GET_SYSTEM_CHANGE_NUMBER

------------------------

                  362096

 

SQL> insert into junk values (3,4);

 

1 row created.

 

SQL> commit;

 

Commit complete.

 

SQL> flashback table junk to scn 362096;

 

Flashback complete.

 

SQL> select * from junk;

 

        C1         C2

---------- ----------

         1          2

 

Once again for or those who prefer a graphical interface, OEM has a rather easy screen for doing object level point in time table recoveries (i.e. flashbacks).

 

xyz2.png

Figure 5: OEM Table Screen

 

xyz3.png

Figure 6: OEM Table Flashback Screen

 

Flashback Database

 

Continuing with our flashback technology progression, the next big step is to permit one to flashback an entire database. In essence we now want to perform a point in time recovery at the database level – and all very simply and without actually doing anything in RMAN. Once again we have yet another key new requirement for this latest flashback feature to work – the database must be running in ARCHIVELOG mode. Plus, we can only flashback to whatever online redo logs are immediately available via disk – any further back in time requires a traditional point in time recovery via RMAN. But for many cases even that short time span may suffice as the first-level basic point-in-time recovery strategy. The next example may look quite a bit like the last for the flashback table, we now simply have to take the database to a mounted status and issue the FLASHBACK DATABSE command as shown. All that’s changed is the scope of the operation.

 

SQL> create table junk (c1 int, c2 int) enable row movement;

 

Table created.

 

SQL> insert into junk values (1,2);

 

1 row created.

 

SQL> commit;

 

Commit complete.

 

SQL> select DBMS_FLASHBACK.GET_SYSTEM_CHANGE_NUMBER from dual;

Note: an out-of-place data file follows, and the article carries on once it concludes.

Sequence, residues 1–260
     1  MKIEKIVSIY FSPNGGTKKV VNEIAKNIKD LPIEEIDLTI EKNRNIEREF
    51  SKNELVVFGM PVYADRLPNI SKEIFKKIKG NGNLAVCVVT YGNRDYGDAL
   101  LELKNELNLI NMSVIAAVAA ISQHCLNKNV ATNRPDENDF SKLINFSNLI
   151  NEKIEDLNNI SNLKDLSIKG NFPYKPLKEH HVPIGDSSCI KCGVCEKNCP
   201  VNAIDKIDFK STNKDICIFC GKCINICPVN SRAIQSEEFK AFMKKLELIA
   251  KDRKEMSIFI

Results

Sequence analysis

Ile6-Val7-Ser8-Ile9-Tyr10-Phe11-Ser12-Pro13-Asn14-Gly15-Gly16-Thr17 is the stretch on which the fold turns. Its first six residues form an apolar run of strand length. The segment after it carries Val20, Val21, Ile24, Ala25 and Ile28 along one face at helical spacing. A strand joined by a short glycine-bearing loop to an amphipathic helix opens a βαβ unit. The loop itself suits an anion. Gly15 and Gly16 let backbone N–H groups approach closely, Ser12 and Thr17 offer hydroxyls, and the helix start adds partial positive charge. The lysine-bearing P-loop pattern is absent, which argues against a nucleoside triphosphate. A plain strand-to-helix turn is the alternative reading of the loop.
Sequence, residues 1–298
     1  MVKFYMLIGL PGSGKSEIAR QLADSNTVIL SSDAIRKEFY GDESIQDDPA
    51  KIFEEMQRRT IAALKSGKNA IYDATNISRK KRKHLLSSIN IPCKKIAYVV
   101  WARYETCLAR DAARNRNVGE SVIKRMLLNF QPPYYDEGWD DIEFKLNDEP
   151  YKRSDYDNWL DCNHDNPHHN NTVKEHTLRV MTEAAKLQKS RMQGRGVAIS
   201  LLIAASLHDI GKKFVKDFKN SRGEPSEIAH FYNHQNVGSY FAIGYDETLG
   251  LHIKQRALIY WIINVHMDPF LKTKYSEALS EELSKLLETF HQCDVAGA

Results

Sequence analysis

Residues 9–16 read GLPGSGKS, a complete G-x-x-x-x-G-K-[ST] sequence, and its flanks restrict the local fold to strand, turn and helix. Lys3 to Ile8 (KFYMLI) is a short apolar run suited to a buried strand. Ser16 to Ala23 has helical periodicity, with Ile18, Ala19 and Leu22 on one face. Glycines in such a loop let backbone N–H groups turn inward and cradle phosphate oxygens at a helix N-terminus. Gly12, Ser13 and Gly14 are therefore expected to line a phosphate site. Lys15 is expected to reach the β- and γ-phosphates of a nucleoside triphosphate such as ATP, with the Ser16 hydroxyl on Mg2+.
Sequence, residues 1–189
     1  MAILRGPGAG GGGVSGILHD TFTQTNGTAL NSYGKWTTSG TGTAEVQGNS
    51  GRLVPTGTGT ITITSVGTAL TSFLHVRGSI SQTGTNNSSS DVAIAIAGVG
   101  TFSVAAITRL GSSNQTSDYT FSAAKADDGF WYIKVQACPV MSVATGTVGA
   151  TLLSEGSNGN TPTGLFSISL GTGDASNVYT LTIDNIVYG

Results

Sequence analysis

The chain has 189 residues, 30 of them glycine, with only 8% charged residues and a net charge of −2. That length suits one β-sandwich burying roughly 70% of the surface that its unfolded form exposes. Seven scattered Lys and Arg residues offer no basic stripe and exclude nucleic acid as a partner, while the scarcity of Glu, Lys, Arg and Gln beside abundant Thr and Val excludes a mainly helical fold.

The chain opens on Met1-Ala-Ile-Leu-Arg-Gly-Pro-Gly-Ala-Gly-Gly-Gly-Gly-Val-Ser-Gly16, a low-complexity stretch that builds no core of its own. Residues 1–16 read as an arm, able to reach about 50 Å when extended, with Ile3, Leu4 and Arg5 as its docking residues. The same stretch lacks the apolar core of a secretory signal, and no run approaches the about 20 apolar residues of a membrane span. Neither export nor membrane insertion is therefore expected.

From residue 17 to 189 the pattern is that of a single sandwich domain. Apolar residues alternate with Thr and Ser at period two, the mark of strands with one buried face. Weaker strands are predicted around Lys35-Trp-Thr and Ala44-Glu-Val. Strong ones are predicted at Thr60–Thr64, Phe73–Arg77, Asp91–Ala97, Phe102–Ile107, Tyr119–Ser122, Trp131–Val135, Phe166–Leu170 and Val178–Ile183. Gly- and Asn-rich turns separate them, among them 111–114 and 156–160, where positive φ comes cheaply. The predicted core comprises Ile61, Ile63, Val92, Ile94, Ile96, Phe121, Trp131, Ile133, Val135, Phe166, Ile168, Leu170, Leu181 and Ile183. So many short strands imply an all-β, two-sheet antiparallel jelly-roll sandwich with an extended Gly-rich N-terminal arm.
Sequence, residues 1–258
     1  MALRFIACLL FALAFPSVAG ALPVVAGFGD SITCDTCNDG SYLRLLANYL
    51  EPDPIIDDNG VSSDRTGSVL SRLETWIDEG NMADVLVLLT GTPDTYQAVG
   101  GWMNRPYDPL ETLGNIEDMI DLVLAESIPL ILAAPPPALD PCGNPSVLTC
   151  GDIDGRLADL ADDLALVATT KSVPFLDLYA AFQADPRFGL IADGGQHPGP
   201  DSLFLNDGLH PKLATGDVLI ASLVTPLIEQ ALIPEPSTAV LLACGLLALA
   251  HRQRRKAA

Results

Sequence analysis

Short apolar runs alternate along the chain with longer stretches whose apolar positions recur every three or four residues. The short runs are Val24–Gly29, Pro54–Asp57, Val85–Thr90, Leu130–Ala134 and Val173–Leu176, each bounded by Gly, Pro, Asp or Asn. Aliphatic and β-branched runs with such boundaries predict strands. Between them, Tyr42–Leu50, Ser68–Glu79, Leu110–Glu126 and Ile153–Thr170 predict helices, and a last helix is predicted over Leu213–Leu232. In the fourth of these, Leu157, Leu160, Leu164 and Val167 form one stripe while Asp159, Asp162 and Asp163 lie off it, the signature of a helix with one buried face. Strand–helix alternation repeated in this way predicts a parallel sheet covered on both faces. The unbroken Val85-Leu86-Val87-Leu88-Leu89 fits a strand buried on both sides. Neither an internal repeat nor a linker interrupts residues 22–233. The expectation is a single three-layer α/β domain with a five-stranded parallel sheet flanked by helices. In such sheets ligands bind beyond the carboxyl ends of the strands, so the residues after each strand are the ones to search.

GET_SYSTEM_CHANGE_NUMBER

------------------------

                  365991

 

SQL> insert into junk values (3,4);

 

1 row created.

 

SQL> commit;

 

Commit complete.

 

SQL> connect sys/mgr as sysdba

 

Connected.

 

SQL> shutdown immediate;

Database closed.

Database dismounted.

ORACLE instance shut down.

SQL> startup mount;

ORACLE instance started.

 

Total System Global Area  627732480 bytes

Fixed Size                  1334996 bytes

Variable Size             398459180 bytes

Database Buffers          222298112 bytes

Redo Buffers                5640192 bytes

Database mounted.

SQL> flashback database to scn 365991;

 

Flashback complete.

 

SQL> alter database open resetlogs;

 

Database altered.

 

SQL> connect bert/bert

 

Connected.

 

SQL> select * from junk;

 

        C1         C2

---------- ----------

         1          2

 

We’ve now wrapped up the flashback technology historical progression as of Oracle 10g release 2 – so now it’s onto even bigger and better flashback capabilities with Oracle 11g. However whereas the progression and granularities up until this point were probably fairly obvious, we’re now moving into less obvious but critically useful flashback techniques – hopefully with a decent background and understanding now to appreciate just how we got here.

 

Flashback Transaction

 

The DBMS_FLASHBACK.TRANSACTION_BACKOUT procedure rolls back a transaction and all its dependent transactions. As with all the other flashback technologies discussed so far, the transaction back out operation uses UNDO to create and execute the compensating or opposite transactions that return the affected data to its original state. So in some respects the granularity of this flashback operation is somewhere between our last two cases: table and database. We’re now flashing back a subset of the database that represents some logical collection of tables and queries. It essentially implements the prior mentioned SAVEPOINT concept in the database now rather than the application code. In fact, flashback transactions mostly eliminate the need for the next section on redo log file mining – as it’s now transparently and more easily done as shown here.

 

First, we query the FLASHBACK_TRANSACTION_QUERY view to see what transactions exist for whatever objects and/or users we think may have done something that need undone. This view can return a lot of information in even a mildly busy database, so filtering is highly recommended. Here I’ve asked to see what transactions have occurred in the past day by logon user BERT and on tables owned by BERT. Note that this view offers us the UNDO SQL code.